Development of improved tools to monitor bird abundance and detect climate-change related invasion by mosquitoes into Hakalau Forest NWR
Hakalau Forest NWR is home to the most intact native forest bird community in the state of Hawaiʻi. However, that community is threatened by mosquitoes, carrying avian disease, which are predicted to increase in abundance at the refuge over time due to global warming. This would lead to catastrophic effects on the native bird populations in one of their last strongholds. Under current bird and mosquito monitoring protocols, such an event would go undetected until it is too late.
The primary goals of this study are to develop new monitoring tools and protocols that will provide managers with information on changes in bird and mosquito abundance across the refuge at much larger spatial and shorter temporal scales than are currently available. We will accomplish this by expanding monitoring transects into important, low elevation portions of the refuge that have been rarely sampled, by automating both the data recording and analysis process, and by developing new mosquito attraction and detection technologies. We will also test the efficacy of using automated acoustic recorders and song-detection technologies currently being developed in the UH Hilo LOHE lab to monitor changes in bird abundance over time across an elevational gradient on the refuge.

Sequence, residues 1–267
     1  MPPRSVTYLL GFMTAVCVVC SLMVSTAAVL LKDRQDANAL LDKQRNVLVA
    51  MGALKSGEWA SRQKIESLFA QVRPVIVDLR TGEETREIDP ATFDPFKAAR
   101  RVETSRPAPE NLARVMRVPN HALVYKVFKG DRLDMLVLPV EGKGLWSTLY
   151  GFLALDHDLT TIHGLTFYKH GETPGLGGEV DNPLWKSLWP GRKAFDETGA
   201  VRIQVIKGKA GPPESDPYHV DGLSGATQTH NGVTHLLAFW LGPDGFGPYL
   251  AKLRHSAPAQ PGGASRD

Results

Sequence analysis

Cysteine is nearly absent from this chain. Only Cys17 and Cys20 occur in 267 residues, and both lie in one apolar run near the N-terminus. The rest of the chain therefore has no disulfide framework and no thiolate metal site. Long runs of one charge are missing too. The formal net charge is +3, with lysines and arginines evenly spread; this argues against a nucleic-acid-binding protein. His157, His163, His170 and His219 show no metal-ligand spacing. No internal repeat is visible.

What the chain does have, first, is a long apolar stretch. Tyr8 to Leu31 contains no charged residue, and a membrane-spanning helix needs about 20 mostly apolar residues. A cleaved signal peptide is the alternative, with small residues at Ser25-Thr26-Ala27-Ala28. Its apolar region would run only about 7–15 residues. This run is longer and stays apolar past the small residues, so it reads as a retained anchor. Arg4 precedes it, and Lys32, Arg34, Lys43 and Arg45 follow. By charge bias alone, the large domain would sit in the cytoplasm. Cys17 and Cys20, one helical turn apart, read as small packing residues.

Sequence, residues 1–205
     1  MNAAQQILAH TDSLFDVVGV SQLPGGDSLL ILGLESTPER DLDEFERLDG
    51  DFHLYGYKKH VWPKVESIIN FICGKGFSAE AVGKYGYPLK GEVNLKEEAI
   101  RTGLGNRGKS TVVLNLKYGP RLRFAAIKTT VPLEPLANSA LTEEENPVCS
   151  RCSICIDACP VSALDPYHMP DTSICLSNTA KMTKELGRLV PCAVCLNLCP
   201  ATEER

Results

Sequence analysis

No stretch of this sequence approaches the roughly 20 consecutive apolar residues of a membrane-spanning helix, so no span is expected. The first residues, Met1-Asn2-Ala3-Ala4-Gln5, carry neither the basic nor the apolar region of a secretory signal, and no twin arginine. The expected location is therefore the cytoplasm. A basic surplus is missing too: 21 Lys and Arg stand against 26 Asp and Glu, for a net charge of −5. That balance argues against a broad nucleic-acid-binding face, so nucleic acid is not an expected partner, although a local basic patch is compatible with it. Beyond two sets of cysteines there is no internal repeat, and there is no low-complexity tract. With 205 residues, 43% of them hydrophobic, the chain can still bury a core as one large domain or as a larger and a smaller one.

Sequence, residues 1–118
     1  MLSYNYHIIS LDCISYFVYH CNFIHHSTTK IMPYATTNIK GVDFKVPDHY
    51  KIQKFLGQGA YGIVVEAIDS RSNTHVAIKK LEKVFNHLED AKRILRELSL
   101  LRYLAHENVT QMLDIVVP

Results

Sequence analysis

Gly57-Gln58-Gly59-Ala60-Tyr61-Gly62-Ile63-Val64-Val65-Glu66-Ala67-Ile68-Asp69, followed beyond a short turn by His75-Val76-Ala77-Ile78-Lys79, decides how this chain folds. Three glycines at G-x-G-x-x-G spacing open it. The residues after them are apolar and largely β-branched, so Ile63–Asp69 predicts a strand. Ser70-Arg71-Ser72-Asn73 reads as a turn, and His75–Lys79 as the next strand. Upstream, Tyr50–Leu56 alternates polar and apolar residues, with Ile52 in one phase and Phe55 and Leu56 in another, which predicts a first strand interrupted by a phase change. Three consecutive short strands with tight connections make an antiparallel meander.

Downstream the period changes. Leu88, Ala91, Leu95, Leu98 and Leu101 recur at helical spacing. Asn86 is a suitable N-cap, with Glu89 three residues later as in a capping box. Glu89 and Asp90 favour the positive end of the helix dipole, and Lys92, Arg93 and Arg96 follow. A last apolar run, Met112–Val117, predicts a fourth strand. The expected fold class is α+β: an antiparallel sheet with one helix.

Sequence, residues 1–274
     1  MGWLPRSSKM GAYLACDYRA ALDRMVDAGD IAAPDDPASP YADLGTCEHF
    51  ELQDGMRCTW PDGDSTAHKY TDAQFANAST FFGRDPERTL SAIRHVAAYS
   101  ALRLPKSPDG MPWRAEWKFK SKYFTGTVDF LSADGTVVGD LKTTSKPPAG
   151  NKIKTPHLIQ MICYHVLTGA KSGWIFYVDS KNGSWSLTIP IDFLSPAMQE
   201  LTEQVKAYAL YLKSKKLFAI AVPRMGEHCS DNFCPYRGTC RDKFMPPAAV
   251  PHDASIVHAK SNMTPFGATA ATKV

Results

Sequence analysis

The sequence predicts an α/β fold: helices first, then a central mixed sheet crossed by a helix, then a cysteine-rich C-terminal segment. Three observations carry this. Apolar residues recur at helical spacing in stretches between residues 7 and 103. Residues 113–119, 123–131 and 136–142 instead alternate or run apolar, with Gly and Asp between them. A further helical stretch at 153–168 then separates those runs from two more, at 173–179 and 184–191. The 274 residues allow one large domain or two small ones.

Completion of these goals will contribute to the development of a much-needed “early warning system” for both bird decline and mosquito invasion across the refuge that will be valuable for managers at Hakalau and in similar ecological zones across the state of Hawai‘i.
Professor of Biology, UH Hilo
TCBES, UH Hilo
Deputy Refuge Manager, Hakalau Forest NWR